Cabrera keeps his cannabis as organic possible, relying heavily on supplements like worm castings, compost tea and rock minerals. He intends to create a “smoother smoking experience” — providing everything one would expect with a high THC profile.
He also intends to focus more on the medicinal aspect of growing, for the purpose of aiding those with insomnia and anxiety, as well those experiencing pain and discomfort.
Class 1 Producers can only grow so much with the limited space, so Cabrera intends to expand and possibly get another Class 1 Producer license in the very near future.
“The … added space would be used as my genetics grow room, where I can focus on developing new hybrid strains and seeds to use as my seed bank. Should that come to fruition, I do intend on hiring someone to help me with the workload and ensure that the added grow room will be self-sustaining in terms of expenses and grow a few strains to sale to retailers as well.”
At the moment, Cabrera said his biggest challenge is trying to grow a variety of strains so retailers would have a wider selection to offer their customers. “Each strain is unique with its own set of requirements and pickiness in terms of nutrients, temperature and lighting. That proved to be a great learning curve that I had to overcome as quickly as possible.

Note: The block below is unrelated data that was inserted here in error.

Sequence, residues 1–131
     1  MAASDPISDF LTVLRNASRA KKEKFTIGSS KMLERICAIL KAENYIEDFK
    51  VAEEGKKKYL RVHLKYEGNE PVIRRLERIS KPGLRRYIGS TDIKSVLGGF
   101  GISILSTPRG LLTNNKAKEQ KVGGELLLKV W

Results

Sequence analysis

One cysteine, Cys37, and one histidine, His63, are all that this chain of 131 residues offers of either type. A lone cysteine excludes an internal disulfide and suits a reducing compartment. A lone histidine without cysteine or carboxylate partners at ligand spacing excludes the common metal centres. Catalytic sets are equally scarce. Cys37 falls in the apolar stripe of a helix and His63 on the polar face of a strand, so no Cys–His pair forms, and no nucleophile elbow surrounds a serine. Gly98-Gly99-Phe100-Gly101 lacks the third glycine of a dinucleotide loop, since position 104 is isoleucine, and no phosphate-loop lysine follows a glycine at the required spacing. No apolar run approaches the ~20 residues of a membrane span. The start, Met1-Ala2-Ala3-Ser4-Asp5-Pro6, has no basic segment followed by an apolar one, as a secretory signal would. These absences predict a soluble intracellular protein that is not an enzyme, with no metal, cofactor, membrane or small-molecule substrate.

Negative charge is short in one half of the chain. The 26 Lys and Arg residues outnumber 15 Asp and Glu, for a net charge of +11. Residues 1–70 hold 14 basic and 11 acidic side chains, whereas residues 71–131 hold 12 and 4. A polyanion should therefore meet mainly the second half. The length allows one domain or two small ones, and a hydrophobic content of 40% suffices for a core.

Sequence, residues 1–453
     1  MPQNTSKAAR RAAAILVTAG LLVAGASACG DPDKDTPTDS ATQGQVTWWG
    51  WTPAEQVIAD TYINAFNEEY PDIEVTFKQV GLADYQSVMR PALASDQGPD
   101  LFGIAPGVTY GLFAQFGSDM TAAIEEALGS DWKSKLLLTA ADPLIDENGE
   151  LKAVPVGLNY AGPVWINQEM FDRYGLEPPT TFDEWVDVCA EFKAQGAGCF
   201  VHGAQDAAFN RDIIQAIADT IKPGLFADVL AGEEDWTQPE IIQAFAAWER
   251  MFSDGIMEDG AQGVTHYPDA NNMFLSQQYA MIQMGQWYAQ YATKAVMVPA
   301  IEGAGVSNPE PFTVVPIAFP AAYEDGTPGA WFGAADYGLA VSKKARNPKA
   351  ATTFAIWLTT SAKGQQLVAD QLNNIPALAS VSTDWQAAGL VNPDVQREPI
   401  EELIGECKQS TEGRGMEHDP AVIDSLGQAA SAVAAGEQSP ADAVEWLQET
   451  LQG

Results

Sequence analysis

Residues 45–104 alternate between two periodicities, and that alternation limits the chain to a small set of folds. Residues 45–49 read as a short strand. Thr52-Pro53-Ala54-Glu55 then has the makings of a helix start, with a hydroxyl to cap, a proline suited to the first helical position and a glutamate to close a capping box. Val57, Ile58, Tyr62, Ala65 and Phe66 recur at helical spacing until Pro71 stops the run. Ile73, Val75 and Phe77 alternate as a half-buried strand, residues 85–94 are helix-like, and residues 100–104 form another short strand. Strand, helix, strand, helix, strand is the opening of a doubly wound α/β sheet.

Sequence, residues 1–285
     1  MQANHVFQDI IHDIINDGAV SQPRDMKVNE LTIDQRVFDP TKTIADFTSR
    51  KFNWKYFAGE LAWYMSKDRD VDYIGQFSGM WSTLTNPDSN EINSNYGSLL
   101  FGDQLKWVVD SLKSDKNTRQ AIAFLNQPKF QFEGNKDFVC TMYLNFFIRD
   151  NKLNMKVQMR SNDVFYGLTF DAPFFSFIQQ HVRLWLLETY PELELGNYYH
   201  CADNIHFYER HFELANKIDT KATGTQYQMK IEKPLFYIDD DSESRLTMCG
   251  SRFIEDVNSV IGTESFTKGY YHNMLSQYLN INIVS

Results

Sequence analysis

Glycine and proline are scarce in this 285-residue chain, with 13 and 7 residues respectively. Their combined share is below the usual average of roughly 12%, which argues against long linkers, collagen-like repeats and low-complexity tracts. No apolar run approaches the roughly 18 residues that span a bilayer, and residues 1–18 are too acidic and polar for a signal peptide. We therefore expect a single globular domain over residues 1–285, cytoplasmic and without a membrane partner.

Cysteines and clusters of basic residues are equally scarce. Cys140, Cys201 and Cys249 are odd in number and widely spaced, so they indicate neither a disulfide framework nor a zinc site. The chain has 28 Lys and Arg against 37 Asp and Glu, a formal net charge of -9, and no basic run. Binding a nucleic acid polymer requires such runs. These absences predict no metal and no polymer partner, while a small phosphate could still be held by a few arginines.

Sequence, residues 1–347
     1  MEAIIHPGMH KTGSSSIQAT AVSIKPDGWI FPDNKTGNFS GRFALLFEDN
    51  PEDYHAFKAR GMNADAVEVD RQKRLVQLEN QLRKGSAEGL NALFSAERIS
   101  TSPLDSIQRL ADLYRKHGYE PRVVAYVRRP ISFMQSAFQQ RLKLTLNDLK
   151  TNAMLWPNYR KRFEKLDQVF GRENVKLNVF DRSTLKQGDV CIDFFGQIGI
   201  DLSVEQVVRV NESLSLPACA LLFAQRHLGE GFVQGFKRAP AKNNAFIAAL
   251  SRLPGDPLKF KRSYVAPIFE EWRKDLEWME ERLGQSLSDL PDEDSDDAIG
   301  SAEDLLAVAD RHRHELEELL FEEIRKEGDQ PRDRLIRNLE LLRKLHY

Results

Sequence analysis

“Overall, the quality of the end product is my biggest priority since day one. Fortunately, my OCD kicked into high gear and I was able to make all the necessary adjustments. As of today, I am happy to say that things are back on track in terms of the growth and development of my plants.”
Only one other company has been approved for cannabis production [and retail] in the NMI —Saipan Select LLC. Cabrera said he believes that each producer will have their own specialty, which in turn, will ensure that all of them will be able to operate in harmony as growers.
“I consider competition as my motivation to focus and improve myself as a grower and not just as a competitor. I believe that the potential for all growers to work together and thrive in the cannabis industry is a real possibility.”
The future is promising, he said.
“I have no doubt that as other businesses get their licenses, the business landscape will change significantly and producers, retailers, and lounges will end up working hand-in-hand in order to keep revenue flowing. This in turn will generate revenue in the form of taxes for the local government.”